Yesterday was a delightful day for a parade, and the town cooperated with the SoPride Parade. What a parade it was, a celebration of humanity. It's why I support GLBTQ, equal marriage rights, women's rates, minority rights. It's all about human rights. One human does not have the right to decree who else has a right.
Corporations are different. They can discrimanate, so long as they're not using our common networks and products - the government system of money and measures, other government systems of law enforcement, disaster response, security, and justice, and more pragmatic and tangible nation sets, like the electric and transportation grids. Give those up, you can discriminate against whomever you want, for whatever reason you resurrect from your mind's darker crevices. But if you use these things I listed, you can't discriminate. We're a package deal, all the people, for the people, and all the products and services the people provide through work and taxes.
My wife and her organization, The Women's International League of Peace and Freedom, called WILPF because The Women's International League of Peace and Freedom does not trip lightly over tongue and lips, were marching. She took the car so I walked downtown to join her, finding our car and slipping my laptop case into the trunk before going on to the festivities. The parade started at 11 but it was small and fast. I had to race to overtake it and see my wife. Small might it be, it was loud, colorful, joyous and fun.
All the local churches were represented, except the Baptists, and the university had a boisterous, jubilant contingent, Raider Pride. The Quaker Friends had a large presence, as did the Presbyterians and Unies. The Unitarian Service took it one step forward, with a marriage between a same sex couple who'd been together for 37 years taking place during the parade.
I found my wife in the parade and waved to her. She didn't see me. I moved ahead to see more of the parade, figuring I'd connect with her at the end, where the parade stopped. But the parade ended and no wife. I remember she'd talked about going on up to the band shell and meeting there, so I headed that way. I stood up there and looked across the crowd for her.
It was amazing. Everyone was so colorfully dressed, and looked so similar, that I could not find her.
I began drifting back down the road toward the plaza. People shouted my name. Our friend Fran hurried up to tell me my wife was down at the kiosk, waiting to meet me.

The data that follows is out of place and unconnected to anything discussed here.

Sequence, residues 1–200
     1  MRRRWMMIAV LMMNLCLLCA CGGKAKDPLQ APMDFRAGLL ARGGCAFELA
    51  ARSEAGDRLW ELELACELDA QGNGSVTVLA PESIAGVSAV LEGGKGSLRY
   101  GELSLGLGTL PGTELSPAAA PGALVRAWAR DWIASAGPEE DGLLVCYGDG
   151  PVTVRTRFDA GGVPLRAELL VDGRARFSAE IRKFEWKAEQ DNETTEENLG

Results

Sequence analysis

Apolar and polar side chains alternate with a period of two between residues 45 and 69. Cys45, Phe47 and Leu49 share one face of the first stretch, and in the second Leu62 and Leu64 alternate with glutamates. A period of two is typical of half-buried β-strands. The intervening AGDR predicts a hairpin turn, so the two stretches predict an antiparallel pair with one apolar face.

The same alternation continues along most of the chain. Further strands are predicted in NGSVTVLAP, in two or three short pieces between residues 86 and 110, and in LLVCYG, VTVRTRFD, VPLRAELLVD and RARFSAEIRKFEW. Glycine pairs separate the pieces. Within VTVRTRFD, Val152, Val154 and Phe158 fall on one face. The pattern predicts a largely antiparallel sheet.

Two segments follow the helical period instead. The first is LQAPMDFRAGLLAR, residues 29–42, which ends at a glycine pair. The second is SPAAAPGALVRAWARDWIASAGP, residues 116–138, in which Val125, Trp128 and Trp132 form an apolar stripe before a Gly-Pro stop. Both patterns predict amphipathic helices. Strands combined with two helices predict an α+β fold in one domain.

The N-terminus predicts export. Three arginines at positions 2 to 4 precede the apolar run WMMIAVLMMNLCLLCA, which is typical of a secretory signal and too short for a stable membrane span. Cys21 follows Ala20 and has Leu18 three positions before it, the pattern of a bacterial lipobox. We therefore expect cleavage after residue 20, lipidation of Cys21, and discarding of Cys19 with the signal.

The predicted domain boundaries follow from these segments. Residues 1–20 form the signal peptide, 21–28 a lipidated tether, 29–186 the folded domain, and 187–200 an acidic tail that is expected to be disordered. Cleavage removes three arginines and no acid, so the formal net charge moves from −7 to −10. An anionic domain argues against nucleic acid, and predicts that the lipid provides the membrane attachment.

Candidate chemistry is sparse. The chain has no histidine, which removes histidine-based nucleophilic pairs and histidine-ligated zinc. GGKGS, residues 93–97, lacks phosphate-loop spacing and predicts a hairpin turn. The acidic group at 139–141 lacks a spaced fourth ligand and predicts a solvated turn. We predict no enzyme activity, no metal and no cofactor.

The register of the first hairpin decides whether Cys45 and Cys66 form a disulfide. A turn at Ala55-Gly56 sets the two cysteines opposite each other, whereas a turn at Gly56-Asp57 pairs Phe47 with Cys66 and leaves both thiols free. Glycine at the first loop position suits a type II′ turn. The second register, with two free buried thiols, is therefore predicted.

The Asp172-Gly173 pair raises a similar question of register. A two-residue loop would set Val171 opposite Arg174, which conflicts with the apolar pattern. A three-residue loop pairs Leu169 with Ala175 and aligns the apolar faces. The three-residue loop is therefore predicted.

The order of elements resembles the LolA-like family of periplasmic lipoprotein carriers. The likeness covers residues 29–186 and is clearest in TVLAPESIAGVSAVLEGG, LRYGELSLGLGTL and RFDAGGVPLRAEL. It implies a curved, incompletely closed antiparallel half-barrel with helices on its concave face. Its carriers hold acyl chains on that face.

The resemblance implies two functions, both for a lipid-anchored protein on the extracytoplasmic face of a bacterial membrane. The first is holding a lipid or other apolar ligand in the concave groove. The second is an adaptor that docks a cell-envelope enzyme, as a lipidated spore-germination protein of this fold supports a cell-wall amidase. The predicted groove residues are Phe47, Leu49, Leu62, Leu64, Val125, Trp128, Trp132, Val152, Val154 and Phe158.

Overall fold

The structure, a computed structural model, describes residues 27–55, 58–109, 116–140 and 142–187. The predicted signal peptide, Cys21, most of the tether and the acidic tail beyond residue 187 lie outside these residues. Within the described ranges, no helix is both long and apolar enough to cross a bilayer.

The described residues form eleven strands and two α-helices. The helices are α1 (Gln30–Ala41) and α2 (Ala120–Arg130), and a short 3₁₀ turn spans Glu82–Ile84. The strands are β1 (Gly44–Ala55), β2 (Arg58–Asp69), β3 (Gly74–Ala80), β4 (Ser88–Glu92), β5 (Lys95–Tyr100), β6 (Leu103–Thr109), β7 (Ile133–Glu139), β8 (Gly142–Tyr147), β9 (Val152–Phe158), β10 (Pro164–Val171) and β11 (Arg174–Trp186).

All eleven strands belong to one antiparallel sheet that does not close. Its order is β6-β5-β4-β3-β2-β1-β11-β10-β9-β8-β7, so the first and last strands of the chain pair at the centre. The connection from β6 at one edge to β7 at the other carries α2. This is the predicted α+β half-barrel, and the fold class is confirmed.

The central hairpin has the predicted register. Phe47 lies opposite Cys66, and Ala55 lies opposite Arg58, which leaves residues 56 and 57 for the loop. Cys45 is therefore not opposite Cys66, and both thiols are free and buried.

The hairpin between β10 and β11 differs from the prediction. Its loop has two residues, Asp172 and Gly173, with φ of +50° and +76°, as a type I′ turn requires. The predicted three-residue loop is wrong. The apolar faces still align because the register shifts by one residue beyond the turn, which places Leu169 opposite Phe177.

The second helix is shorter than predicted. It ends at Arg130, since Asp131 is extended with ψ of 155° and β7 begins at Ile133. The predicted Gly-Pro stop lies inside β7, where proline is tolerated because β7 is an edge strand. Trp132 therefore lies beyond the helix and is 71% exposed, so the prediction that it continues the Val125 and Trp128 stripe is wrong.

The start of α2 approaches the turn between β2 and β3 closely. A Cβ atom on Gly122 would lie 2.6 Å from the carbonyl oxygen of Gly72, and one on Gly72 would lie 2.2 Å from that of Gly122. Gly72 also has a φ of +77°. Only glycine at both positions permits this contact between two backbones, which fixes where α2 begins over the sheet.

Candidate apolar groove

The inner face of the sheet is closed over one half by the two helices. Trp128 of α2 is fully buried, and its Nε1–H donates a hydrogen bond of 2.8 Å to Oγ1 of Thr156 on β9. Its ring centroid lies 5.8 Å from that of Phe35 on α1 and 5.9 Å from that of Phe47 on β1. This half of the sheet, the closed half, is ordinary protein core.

The kiosk! I'd forgotten that we'd made that plan. To the kiosk! People called my name. "Your wife is waiting for you at the kiosk." The mayor passed by. "I just saw your wife down at the kiosk." Yes, thank you, one and all.
I hurried down the road. There she was. "Hey you," I shouted in an imitation Louie Armstrong voice. It's our call. Back when we were first dating, I used to entertain her by doing voices, Louie Armstrong among them. She learned to do, "Hey you," and it became our calls in crowds to find one another.
I saw her perk up. I stopped, watching in amusement as she whirled and looked in the other direction. Her friends called her from behind me. "Here's your husband." Connected at last, we headed back up to check the scene and listen to music. Friends were performing, and we enjoy their talents. After that, she and I went off and had a late lunch at Standing Stone. They were featuring an Octoberfest brew in the German style. Sensational! Drinking it, I remembered how much I enjoyed German beers.
Then home again, home again. This sort of celebration is what Ashland is all about. As our mayor noted in his comments, our city council unanimously passed a resolution that same sex marriage is legal in Ashland, one of three places in Oregon, along with Portland and Eugene.
It strucks me as ironic that we grow up hearing that we're all special and unique. There's not another person like you in the world. Yet, when it comes to sexual preference, gender identity, and religion, people often want everyone to be the same.
I'm glad we're not and pleased that we celebrate the differences.
At least we do in Ashland, in October.
Causes Michael Seidel Supports
Kiva, Women's International League for Peace and Freedom, Propublica.org, Doctors Without Borders, GreaterGood.com